Nature artist Walter Anderson was a bit like St. Francis of Assisi, Henry David Thoreau, and Vincent Van Gogh. He befriended animals on Horn Island in the Gulf of Mexico off the coast of Mississippi. He alternated his time between his retreats to the humanly uninhabited island and working for the family manufacturing business. While alone he painted swirling, colorful natural scenes that almost move right off the canvas. Alabama author Hester Bass tells the painter's story in The Secret World of Walter Anderson, a children's picture book illustrated by E. B. Lewis.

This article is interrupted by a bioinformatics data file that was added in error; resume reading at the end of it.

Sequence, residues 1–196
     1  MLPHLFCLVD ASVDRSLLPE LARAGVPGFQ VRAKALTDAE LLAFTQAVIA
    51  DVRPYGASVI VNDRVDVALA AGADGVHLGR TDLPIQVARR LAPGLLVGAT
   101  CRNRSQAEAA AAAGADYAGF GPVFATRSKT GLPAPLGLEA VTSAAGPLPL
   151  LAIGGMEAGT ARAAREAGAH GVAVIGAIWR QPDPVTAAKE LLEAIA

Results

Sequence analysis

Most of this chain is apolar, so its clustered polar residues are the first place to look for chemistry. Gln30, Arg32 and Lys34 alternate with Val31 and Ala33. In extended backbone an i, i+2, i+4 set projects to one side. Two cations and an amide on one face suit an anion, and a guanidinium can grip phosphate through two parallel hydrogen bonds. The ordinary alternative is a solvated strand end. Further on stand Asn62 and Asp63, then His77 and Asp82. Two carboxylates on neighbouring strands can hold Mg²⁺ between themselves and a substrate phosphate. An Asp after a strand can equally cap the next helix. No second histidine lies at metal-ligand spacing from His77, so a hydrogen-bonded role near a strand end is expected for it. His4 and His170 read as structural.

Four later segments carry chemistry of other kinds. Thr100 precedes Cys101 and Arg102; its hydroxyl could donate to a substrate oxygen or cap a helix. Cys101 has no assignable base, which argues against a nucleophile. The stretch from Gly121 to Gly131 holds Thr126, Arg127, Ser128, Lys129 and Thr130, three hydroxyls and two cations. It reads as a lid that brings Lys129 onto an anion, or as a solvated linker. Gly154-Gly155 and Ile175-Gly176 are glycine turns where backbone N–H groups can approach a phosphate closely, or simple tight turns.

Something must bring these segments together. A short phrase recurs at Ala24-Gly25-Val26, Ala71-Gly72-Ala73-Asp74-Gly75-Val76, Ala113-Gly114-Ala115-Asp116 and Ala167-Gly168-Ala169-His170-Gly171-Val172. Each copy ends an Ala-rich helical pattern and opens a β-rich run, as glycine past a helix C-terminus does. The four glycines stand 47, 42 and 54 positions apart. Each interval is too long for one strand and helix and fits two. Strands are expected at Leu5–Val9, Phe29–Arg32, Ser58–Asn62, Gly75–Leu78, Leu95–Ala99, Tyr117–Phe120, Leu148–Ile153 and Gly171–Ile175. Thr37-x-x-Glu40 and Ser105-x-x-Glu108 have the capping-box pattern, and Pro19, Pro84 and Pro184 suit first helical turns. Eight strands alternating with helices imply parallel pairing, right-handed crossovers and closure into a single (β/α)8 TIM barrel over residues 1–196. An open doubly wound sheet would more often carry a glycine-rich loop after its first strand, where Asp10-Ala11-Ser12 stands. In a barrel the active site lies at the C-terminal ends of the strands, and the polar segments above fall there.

Bass and Lewis depict Anderson as having childlike enthusiasm for his vocation. He is shown climbing trees to see nests and wading into the gulf to sketch a moth on the water. On most pages there is an animal observing the gentle man. His retreating from family and society is just accepted as the way of an artist.
The author includes explanatory notes at the end of the book from which readers learn that Hurricane Katrina destroyed some of Anderson's estate. Luckily some of the paintings were in a small museum on higher ground away from the coast. Part of the profit from this attractive book will be used for restoration and support of Walter Anderson Museum of Art.
Bass, Hester. The Secret World of Walter Anderson. Candlewick Press, 2009. ISBN 9780763635831.